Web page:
Modern slavery encompasses slavery, servitude, forced and compulsory labour and human trafficking. Traffickers and slave drivers coerce, deceive and force individuals against their will into a life of abuse, servitude and inhumane treatment.

This strategy details the wide-ranging actions that we expect from government departments, agencies and partners in the UK and, importantly, internationally. Civil society organisations are equally important partners in delivering commitments across our response.

The scale of modern slavery in the UK is significant. Modern slavery crimes are being committed across the country and there have been year on year increases in the number of victims identified. Work by the Home Office Chief Scientific Adviser, Professor Bernard Silverman, has estimated that in 2013 there were between 10,000 and 13,000 potential victims of modern slavery in the UK.

Committee against Torture — Concluding observations on the third to fifth periodic reports of United States of America

December 3, 2014 Comments off

Committee against Torture — Concluding observations on the third to fifth periodic reports of United States of America (PDF)
Source: United Nations Office of the High Commissioner for Human Rights

“The Committee welcomes the State party’s unequivocal commitment to abide by the universal prohibition of torture and ill-treatment everywhere, including Bagram and Guantanamo Bay detention facilities, as well as the assurances that U.S. personnel are legally prohibited under international and domestic law from engaging in torture or cruel, inhuman, or degrading treatment or punishment at all times, and in all places. The Committee notes that the State party has reviewed its position concerning the extraterritorial application of the Convention, and stated that it applies to ‘certain areas beyond’ its sovereign territory, and more specifically to ‘all places that the State party controls as a governmental authority,’ noting that it currently exercises such control at ‘the U.S. Naval Station at Guantanamo Bay, Cuba, and over all proceedings conducted there, and with respect to U.S.-registered ships and aircraft.’ The Committee also values the statement made by the State party’s delegation that the reservation to article 16 of the Convention, whose intended purpose is to ensure that existing U.S. constitutional standards satisfy the State party’s obligations under article 16, ‘does not introduce any limitation to the geographic applicability of article 16,’ and that ‘the obligations in article 16 apply beyond the sovereign territory of the United States to any territory under its jurisdiction’ under the terms mentioned above.’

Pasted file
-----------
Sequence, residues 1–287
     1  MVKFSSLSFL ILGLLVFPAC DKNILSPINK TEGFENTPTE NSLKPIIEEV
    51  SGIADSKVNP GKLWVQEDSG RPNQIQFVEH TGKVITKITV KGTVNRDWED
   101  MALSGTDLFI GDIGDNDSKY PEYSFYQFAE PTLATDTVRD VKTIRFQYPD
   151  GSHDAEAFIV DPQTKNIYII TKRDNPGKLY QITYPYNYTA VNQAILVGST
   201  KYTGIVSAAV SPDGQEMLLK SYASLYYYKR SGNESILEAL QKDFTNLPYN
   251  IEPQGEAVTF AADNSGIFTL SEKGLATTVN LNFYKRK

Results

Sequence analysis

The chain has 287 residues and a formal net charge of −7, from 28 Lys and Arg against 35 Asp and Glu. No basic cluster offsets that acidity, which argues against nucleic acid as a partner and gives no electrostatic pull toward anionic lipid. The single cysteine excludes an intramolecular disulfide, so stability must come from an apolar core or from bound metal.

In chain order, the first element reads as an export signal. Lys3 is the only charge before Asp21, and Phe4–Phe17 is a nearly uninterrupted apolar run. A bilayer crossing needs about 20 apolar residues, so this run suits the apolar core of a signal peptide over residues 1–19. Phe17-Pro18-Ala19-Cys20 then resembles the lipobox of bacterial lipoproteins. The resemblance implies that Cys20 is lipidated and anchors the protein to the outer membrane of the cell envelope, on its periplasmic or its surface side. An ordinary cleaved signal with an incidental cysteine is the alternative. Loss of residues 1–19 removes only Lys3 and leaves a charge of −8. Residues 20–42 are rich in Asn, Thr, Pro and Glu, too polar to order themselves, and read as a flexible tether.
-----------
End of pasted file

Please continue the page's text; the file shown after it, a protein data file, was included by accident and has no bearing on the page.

However, the Committee is dismayed that the State party’s reservation to article 16 of the Convention features in various declassified memoranda containing legal interpretations on the extraterritorial applicability of U.S. obligations under the Convention issued by the Department of Justice’s Office of Legal Counsel (OLC) between 2001 and 2009, as part of deeply flawed legal arguments used to advise that interrogation techniques, which amounted to torture, could be authorized and used lawfully. While noting that these memoranda were revoked by Presidential Executive Order 13491 to the extent of their inconsistency with that order, the Committee remains concerned that the State party has not withdrawn yet its reservation to article 16 which could permit interpretations incompatible with the absolute prohibition of torture and ill-treatment.

Global Slavery Index

November 21, 2014 Comments off

Global Slavery Index (PDF)
Source: Walk Free Foundation

This is the second edition of the Global Slavery Index (‘the Index’). The Index estimates the number of people in modern slavery in 167 countries. This year’s Index also includes an analysis of what governments are doing to eradicate modern slavery. In addition to measuring the extent of the problem and the actions taken, the Index increases our understanding of the contextual factors that make people vulnerable to modern slavery.

The Index is the flagship report produced by the Walk Free Foundation, a global human rights organisation dedicated to ending modern slavery.

The 2014 Global Slavery Index estimates there are 35.8 million people living in some form of modern slavery globally

“There is No Freedom Here” — Silencing Dissent in the United Arab Emirates

November 20, 2014 Comments off

“There is No Freedom Here” — Silencing Dissent in the United Arab Emirates
Source: Amnesty International

Scores of activists in the United Arab Emirates (UAE) have been harassed, arrested and in some cases tortured in custody according to a new report by Amnesty International that sheds light on the repressive tactics widely used by the government to silence its critics.

“There is No Freedom Here:” Silencing Dissent in the UAE lifts the lid on the climate of fear that has taken hold in the country since 2011, with the authorities going to extreme lengths to stamp out any sign of dissent, criticism or calls for reform in the wake of the mass popular uprisings in the Middle East and North Africa.

Those targeted include lawyers, university professors, students and civil society activists, some of whom are linked to the Reform and Social Guidance Association (al-Islah), a peaceful grassroots organization that the government claims has links to Egypt’s Muslim Brotherhood. The clampdown has also targeted their family members.